Look at all the crap you can hide with a sheet! That’s my entire inventory behind my backdrop, plus a giant cheeseburger head.


Now for the proof:

Here are some shots, taken at the same angle at the same time of day, but with different lighting:


This photo was taken with the camera on a tripod and only natural light. No flash and no room lights.
This photo was taken with the blinds down to limit the amount of natural light. There is a room light on, but no flash. With some editing, it might be okay, but it’s much too off color and dark to use as is.
This is the same set-up as the previous shot (shades down, room light on), but this time WITH a flash. There’s some improvement in brightness, but the colors are still off, and it’s got a funny shadow behind it.
This one has the full natural light coming through the window and the flash. Not bad, but when you look at some close-ups (below) you can see that the shot with only natural light shows more detail.
(click to enlarge) No Flash versus Flash. The colors in the photo using only natural light are much more accurate. It also has a nicer shadow balance. Especially note the difference in the amount of detail you can see on the layer of black lace in each photo. If this garment had been mostly black or mostly white, the flash would have washed out the detail even more.


Quickie photo editing tutorial:

Photos don’t always turn out perfect. Under and overexposure (photos that turn out too dark or too light) can be corrected with a photo editor, as can color problems. Because the sun is a fickle beast, even photos taken with natural light sometimes need a little adjustment.

The two tools I use most in Photoshop (and I’m sure any photo editing program can do them as well) are Levels and Auto-Color.

Let’s take that underexposed, off-color photo from before and make it useable.


A little editing can go a long way.


How to do it:

1. Open your photo in Photoshop.

2. Click Image > Adjustments > Levels from the top menu.


Image > Adjustments > Levels


3. A box will open with a little black mountain-looking thing called a histogram. There are 3 sliders at the bottom of the histogram. When I’m editing, I’m usually correcting underexposure (images that are too dark), so I usually play with the GRAY and WHITE sliders. The BLACK slider will make things darker, which you’ll only need if your image is overexposed.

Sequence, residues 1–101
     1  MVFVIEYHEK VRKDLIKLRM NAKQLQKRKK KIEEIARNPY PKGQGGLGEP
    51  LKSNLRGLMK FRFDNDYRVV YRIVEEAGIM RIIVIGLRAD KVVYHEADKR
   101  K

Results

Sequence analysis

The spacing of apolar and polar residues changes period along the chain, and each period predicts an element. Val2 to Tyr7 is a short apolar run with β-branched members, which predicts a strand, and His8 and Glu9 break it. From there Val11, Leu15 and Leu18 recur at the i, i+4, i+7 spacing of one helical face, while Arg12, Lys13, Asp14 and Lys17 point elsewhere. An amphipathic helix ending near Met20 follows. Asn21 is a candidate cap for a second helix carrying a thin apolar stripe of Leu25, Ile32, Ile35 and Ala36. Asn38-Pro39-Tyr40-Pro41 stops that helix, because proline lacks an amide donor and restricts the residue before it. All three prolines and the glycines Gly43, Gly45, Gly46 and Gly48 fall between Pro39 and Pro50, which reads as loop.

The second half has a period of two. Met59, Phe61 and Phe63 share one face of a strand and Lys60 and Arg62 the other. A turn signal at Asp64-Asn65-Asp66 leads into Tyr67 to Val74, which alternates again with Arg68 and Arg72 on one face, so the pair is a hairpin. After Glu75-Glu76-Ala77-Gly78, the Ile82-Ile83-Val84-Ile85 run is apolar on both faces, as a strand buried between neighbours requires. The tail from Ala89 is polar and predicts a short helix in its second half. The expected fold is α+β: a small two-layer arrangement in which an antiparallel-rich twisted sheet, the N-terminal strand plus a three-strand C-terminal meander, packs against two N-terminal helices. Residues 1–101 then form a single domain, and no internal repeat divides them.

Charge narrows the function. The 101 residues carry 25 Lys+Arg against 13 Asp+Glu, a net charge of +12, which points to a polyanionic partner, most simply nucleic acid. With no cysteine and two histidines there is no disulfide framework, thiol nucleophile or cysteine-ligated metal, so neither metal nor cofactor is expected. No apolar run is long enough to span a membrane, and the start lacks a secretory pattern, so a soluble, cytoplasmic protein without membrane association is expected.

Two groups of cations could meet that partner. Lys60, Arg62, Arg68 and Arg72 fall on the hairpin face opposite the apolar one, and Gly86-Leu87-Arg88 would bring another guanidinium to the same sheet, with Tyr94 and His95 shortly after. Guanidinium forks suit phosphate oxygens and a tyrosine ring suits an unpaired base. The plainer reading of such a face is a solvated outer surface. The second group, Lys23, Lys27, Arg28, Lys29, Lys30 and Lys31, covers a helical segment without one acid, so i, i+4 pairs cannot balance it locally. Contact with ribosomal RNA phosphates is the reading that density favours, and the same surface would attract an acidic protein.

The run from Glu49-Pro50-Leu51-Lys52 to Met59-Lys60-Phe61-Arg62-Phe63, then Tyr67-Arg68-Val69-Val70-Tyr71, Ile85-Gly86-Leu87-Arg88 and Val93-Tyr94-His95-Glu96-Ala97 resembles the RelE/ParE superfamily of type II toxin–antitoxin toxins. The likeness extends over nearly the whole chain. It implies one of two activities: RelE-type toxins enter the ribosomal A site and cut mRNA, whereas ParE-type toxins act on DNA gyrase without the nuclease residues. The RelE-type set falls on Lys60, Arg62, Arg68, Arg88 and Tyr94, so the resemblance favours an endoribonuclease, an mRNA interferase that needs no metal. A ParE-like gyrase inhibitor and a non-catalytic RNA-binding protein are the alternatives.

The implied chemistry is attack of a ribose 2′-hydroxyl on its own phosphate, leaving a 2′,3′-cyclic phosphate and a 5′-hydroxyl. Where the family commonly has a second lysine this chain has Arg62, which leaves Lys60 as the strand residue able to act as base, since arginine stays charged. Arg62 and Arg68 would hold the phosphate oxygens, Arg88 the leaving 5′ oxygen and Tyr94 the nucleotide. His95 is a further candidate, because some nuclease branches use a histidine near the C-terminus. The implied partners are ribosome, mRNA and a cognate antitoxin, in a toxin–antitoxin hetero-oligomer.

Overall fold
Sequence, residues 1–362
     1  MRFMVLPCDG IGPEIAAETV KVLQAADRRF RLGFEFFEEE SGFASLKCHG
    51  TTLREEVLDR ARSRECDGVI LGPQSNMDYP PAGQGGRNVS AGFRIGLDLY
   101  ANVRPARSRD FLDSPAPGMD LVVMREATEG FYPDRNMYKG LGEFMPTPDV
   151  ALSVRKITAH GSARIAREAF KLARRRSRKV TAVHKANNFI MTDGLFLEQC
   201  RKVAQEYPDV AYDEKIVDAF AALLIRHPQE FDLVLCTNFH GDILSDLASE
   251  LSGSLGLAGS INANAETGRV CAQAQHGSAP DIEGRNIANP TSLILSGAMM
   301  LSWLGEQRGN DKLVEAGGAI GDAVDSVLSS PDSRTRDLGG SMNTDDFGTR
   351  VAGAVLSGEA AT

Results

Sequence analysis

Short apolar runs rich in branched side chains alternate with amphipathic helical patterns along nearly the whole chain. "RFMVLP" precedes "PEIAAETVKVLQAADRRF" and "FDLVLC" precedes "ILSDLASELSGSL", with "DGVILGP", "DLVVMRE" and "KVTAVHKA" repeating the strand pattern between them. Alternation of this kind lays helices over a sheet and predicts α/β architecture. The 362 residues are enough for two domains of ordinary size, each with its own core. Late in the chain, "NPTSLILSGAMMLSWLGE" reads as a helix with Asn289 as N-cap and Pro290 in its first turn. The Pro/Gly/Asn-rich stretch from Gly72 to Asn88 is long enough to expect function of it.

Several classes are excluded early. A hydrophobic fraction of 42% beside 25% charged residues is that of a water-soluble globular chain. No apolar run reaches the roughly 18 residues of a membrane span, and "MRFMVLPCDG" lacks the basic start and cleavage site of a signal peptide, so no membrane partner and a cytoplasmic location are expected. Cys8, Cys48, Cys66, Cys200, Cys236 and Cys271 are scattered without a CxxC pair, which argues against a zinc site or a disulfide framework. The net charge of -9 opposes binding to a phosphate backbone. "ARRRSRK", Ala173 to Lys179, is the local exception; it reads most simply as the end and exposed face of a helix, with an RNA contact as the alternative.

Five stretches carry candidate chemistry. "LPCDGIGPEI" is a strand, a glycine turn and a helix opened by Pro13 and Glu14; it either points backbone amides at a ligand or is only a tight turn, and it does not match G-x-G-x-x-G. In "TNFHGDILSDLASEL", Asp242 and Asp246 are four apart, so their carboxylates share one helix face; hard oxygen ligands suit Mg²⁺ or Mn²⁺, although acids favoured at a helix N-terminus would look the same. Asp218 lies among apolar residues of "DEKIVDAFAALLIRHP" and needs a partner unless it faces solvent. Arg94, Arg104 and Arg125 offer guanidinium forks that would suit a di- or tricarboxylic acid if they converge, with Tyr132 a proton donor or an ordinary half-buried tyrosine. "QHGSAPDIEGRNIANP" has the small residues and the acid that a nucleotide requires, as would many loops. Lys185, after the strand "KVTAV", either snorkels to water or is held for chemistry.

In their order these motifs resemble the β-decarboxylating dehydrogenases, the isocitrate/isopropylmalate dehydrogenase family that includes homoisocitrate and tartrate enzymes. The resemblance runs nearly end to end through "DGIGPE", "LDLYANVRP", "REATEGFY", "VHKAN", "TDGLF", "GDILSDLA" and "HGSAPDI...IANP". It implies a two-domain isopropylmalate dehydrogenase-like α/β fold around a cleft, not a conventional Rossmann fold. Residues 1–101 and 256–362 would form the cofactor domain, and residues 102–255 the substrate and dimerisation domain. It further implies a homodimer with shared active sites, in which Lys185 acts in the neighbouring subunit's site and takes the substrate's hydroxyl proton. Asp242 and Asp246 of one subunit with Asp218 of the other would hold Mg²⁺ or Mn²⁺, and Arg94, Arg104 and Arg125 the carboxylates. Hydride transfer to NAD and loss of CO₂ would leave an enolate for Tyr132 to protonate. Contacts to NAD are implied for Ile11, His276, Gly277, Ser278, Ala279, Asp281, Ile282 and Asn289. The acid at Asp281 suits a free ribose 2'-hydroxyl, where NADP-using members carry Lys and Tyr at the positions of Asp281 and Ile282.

In any case, move the sliders slowly, as even a small movement will make a lot of difference. Generally, I move the WHITE slider a tiny amount and do most of the correction with the GRAY slider.


In this case, because the photo I started with was so dark I had to move the GRAY slider quite a bit to get a good exposure. Most of the time I’m only making minor adjustments.


4. To correct color problems, you can often use the Auto-Color feature. In this case, it works really well. In some cases, it doesn’t work well at all, and I have to do the adjustments manually (and that will have to wait for another tutorial).


Image > Adjustment> Auto-Color



Some other great photo tutorials:

How to take effective jewelry and small goods photos

Cheap lighting set-up

19 thoughts on “How To Photograph Your Product For Dummies, by A Dummy

  1. A great tip that my friend (a professional photographer) told me about tripods: if you don’t have the cash to shell out for a real tripod, grab a small bag of dried beans or rice. Set the bag where you want to place your camera. Your camera will settle nicely onto the bag and the rice/beans will provide a stable but adjustable surface to take the pictures.


    1. Thanks for the tip! I wish I’d thought of that when I was still wrestling with trying to balance my camera on various objects….

  2. I didn’t even know half of this stuff, I suck so much at photography :S

    Unfortunately, I have Paint Shop Pro, not Photoshop, so I’m going to have to do a lot of digging to find the same adjustments you used. They have to be in there somewhere, right?

  3. In 10+ years of using photoshop… I have never used the auto-levels or auto-color..

    What an idiot!

    I’ve just gone through about 30 photos taken in bad light that I’d left to the side as useless, and made them all useable.

    Lex you fantastical genius!

  4. Thank you so much for your pearls of wisdom. I am just beginning to shoot my own crafts, and this has helped remove some of my apprehension.

    Happy New Year!

  5. Thank you so much for all of these tips! It’s weird how much knowing other people’s motivation spreads to completely inspiring others, like myself. You are wonderful! <3

  6. If you put a big piece of white posterboard (or another sheet – anything white really) to the right of your subject, opposite the window, it will bounce the natural light back on the subject and even out your lighting…

    1. Great tip! I did eventually use a second sheet opposite the window. It’s impressive how much of a difference a reflector like that can make.
      I have since moved and don’t have anywhere with good natural lighting AND enough room for photos, so I have lights set up in my basement. For a while I used the white sheet on the “shadowed” side of my set up, but now I’ve got a big sheet of silver reflective fabric that I use to get even more light bounced.